We Were Liars meets Heist Society in a riveting debut!
Seventeen-year-old Violet’s entire life has revolved around one thing: becoming Erica Silverman, an heiress kidnapped at age five and never seen again.
Violet’s father, the best con man in Las Vegas, has a plan, chilling in its very specific precision. Violet shares a blood type with Erica; soon, thanks to surgery and blackmail, she has the same face, body, and DNA. She knows every detail of the Silvermans’ lives, as well as the PTSD she will have to fake around them. And then, when the time is right, she “reappears”—Erica Silverman, brought home by some kind of miracle.
But she is also Violet, and she has a job: Stay long enough to steal the Silverman Painting, an Old Master legendary in the Vegas crime world. Walking a razor’s edge, calculating every decision, not sure sometimes who she is or what she is doing it for, Violet is an unforgettable heroine, and Pretending to be Erica is a killer debut.
Description taken from Goodreads.
I think I’ve figured out my problem with YA mysteries these days. Most of them think that the “grand reveal” of who the killer is or what’s going on is enough. In my opinion, its not. Most of them think that a killer with a sense of morality is enough.
For me, mystery is more than that. Mystery than a simple, answerable yes-or-no question the way contemporary is most of the time.
For example, most of contemporary:
- Do the main characters end up together? Circle one: Yes / No
For example, what murder mystery/mystery should not be:
- Does the killer get caught? Circle one: Yes / No (Dear Killer)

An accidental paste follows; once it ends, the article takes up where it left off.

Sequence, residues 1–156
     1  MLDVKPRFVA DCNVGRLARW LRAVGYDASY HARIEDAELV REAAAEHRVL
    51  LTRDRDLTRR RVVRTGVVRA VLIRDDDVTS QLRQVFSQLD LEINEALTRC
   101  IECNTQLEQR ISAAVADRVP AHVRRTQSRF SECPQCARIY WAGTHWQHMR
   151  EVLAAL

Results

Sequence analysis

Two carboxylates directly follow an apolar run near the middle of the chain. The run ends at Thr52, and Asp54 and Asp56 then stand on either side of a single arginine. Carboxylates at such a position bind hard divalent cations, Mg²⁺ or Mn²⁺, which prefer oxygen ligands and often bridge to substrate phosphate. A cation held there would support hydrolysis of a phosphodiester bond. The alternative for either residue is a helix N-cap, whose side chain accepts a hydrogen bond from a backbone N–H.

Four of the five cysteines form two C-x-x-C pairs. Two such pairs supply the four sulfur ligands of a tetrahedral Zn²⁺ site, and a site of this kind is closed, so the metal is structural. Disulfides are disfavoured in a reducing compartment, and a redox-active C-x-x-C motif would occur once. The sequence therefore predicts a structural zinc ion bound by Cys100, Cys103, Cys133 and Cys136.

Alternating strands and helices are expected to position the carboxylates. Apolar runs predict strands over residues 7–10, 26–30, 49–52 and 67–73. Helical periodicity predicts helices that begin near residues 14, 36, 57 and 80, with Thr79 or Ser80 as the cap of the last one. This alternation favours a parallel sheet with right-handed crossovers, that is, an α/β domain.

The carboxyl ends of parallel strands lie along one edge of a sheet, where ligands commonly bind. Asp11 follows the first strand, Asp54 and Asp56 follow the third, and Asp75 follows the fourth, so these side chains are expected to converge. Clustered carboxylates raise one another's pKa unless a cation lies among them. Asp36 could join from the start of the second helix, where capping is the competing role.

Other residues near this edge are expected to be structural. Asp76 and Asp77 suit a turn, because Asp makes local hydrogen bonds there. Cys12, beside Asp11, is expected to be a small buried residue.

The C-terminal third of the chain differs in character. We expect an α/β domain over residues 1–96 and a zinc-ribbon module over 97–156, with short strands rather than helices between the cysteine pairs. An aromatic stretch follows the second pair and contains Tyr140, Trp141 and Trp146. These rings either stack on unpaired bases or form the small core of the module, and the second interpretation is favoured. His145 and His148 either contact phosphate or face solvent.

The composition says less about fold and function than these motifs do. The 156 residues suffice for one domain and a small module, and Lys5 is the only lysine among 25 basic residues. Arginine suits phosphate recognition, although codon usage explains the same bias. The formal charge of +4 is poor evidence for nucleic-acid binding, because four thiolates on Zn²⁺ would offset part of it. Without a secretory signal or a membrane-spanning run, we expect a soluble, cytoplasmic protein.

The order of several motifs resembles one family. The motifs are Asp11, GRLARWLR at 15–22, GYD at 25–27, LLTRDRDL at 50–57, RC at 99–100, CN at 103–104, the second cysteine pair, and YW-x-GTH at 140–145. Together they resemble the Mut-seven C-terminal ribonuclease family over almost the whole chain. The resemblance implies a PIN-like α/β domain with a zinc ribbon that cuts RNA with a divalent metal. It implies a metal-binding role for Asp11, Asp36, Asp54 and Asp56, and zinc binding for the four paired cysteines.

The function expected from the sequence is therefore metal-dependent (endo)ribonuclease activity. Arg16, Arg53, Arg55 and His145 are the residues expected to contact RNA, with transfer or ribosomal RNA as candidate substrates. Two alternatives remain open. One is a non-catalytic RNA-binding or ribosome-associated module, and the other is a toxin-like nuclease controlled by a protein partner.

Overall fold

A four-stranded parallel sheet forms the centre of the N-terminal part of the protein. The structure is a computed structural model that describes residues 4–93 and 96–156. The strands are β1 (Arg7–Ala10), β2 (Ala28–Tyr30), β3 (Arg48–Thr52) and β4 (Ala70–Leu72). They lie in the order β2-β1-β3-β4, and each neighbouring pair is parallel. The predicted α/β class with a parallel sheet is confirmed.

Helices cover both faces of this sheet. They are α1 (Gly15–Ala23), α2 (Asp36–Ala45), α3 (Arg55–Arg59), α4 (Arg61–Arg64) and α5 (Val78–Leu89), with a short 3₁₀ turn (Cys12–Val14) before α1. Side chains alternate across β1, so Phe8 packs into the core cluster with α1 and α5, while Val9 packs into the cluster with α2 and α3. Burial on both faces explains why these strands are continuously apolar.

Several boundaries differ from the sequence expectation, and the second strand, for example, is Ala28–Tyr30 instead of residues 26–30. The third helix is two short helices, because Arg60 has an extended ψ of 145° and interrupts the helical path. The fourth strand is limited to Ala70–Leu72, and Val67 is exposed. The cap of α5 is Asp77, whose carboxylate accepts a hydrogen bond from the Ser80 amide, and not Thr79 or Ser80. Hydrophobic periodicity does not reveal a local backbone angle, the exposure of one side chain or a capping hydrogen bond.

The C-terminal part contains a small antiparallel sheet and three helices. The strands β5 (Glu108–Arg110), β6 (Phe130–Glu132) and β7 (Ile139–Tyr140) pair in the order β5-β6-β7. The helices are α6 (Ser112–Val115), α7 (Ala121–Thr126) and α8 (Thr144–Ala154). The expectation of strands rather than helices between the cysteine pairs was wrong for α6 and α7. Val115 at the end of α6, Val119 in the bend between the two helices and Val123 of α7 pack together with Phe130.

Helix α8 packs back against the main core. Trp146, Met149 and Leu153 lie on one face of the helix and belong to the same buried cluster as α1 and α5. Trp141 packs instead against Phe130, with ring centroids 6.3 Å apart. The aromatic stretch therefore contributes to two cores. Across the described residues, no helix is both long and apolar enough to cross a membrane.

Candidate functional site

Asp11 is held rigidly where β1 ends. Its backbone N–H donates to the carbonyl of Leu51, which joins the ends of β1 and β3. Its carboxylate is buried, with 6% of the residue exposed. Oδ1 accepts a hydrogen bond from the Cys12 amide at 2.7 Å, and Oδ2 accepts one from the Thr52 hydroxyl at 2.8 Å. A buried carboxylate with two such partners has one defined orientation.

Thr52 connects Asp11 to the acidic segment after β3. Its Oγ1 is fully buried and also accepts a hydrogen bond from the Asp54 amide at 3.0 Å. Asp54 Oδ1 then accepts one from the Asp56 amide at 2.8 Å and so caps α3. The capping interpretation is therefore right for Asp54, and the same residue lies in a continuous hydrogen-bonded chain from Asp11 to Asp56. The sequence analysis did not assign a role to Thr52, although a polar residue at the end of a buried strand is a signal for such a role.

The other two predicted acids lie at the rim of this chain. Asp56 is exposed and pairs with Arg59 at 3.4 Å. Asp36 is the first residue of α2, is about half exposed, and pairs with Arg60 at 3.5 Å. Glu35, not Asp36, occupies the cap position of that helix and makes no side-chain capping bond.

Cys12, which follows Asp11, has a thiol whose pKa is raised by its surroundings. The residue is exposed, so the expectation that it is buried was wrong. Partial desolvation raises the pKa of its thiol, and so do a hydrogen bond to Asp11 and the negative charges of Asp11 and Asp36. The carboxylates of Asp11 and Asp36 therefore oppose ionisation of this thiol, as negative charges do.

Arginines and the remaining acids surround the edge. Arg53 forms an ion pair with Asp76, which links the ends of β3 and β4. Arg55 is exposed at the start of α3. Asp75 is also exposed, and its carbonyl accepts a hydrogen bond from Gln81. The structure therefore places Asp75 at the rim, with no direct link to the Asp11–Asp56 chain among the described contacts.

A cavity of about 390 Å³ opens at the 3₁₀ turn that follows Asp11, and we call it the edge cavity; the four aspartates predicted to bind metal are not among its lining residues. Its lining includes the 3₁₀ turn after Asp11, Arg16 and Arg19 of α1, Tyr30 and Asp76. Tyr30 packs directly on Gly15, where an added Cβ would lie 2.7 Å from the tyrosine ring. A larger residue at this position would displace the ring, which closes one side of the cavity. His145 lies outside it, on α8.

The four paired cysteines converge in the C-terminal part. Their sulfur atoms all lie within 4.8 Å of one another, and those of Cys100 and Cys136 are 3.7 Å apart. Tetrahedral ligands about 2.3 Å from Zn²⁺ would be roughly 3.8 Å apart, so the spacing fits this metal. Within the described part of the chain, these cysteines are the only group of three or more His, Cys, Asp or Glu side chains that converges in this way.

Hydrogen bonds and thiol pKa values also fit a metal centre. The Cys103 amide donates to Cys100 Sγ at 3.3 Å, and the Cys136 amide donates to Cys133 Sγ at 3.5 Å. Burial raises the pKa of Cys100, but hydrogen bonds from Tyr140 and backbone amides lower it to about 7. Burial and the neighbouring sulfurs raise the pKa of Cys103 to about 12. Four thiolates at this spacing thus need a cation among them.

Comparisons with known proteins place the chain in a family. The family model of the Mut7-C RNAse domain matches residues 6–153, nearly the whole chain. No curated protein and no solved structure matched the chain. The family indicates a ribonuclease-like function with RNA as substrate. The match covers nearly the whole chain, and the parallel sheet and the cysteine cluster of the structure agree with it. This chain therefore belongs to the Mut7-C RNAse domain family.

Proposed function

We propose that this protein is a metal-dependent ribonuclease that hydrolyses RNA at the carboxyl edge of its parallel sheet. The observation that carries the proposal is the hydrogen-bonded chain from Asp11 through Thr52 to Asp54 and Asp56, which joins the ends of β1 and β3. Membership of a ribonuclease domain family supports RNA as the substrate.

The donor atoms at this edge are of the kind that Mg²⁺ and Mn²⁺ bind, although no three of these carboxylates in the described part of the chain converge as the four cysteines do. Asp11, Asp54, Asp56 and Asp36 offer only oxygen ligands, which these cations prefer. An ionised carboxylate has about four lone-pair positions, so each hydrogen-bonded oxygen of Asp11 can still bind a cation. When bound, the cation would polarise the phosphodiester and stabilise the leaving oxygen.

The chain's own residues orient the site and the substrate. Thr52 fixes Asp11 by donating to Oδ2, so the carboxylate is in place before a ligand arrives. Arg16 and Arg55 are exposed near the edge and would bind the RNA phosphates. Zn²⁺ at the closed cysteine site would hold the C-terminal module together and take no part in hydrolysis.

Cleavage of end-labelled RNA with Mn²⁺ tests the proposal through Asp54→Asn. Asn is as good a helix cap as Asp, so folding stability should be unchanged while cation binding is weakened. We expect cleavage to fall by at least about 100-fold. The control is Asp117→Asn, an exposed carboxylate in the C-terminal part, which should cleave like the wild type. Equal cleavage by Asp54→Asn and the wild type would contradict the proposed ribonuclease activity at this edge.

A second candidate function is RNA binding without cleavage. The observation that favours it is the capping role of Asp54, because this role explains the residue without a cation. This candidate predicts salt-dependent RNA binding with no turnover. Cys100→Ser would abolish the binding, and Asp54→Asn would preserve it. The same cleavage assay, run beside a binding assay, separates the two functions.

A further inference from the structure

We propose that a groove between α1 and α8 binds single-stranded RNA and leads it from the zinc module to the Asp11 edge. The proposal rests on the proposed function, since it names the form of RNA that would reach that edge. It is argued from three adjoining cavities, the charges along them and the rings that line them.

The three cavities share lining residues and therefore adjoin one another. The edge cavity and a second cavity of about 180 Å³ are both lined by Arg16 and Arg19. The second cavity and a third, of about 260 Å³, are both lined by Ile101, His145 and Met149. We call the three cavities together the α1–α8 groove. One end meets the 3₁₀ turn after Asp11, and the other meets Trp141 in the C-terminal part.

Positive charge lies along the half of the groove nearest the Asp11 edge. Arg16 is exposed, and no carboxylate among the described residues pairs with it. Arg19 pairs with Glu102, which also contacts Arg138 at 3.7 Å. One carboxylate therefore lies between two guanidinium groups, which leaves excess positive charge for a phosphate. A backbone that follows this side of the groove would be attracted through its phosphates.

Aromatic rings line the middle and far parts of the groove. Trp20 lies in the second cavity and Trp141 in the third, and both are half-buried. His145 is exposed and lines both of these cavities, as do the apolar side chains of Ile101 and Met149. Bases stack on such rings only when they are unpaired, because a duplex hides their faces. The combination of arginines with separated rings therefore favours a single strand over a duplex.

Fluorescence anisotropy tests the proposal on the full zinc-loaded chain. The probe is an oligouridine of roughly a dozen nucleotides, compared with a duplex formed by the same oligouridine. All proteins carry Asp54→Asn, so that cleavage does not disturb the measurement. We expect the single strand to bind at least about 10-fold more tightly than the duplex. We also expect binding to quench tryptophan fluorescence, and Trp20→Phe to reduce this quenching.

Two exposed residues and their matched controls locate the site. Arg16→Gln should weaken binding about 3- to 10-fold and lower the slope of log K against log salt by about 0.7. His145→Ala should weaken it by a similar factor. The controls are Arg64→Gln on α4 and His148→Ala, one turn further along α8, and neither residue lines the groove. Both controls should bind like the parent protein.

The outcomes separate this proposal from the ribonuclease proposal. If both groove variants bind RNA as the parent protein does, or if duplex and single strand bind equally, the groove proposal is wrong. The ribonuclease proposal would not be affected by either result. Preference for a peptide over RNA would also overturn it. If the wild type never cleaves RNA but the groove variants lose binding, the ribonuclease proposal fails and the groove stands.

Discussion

- Does the mystery person really exist? Circle one: Yes / No (The Third Twin)
- Did the person really die? Circle one: Yes / No (I Am Princess X)
PRETENDING TO BE ERICA in one yes or no question:
Does the conman steal the painting? Circle one: Yes / No
Basically, the thing about PRETENDING TO BE ERICA is that the supposed con(wo)man has a conscience. That conscience leads her to question if stealing the painting is the right thing to do. That’s right, Violet develops her conscience and makes a single choice over the course of 254 pages.
Yeah, I know Ron. That doesn’t cut it for me either.
For most of PRETENDING TO BE ERICA, I was actually really excited about what was going to happen. Things set up really well and I enjoyed the dialogue, prose and relationships. Violet was a relatable character whose training was fun to read about and whose experiences as a normal girl weren’t boring like I thought they would be. I especially loved Violet’s relationship with the real Erica’s mom. To the end, there were a few relationships, like the one between Violet and her friends, that stayed great until the end.
I liked that the story tried to be realistic, and that things didn’t end badly. Really, the only thing I had a problem with was the anticlimactic and predictable ending. This isn’t a bad story for a quick mystery read, but it’s forgettable and there are much better books out there to occupy your time. A few of these that are recent are Illusive by Emily Lloyd Jones, the Find Me series by Romily Bernard, A DARKER SHADE OF MAGIC by V.E. Schwab (review to come) and the upcoming VICARIOUS by Paula Stokes. 2 stars.
pg count for the hardback: 254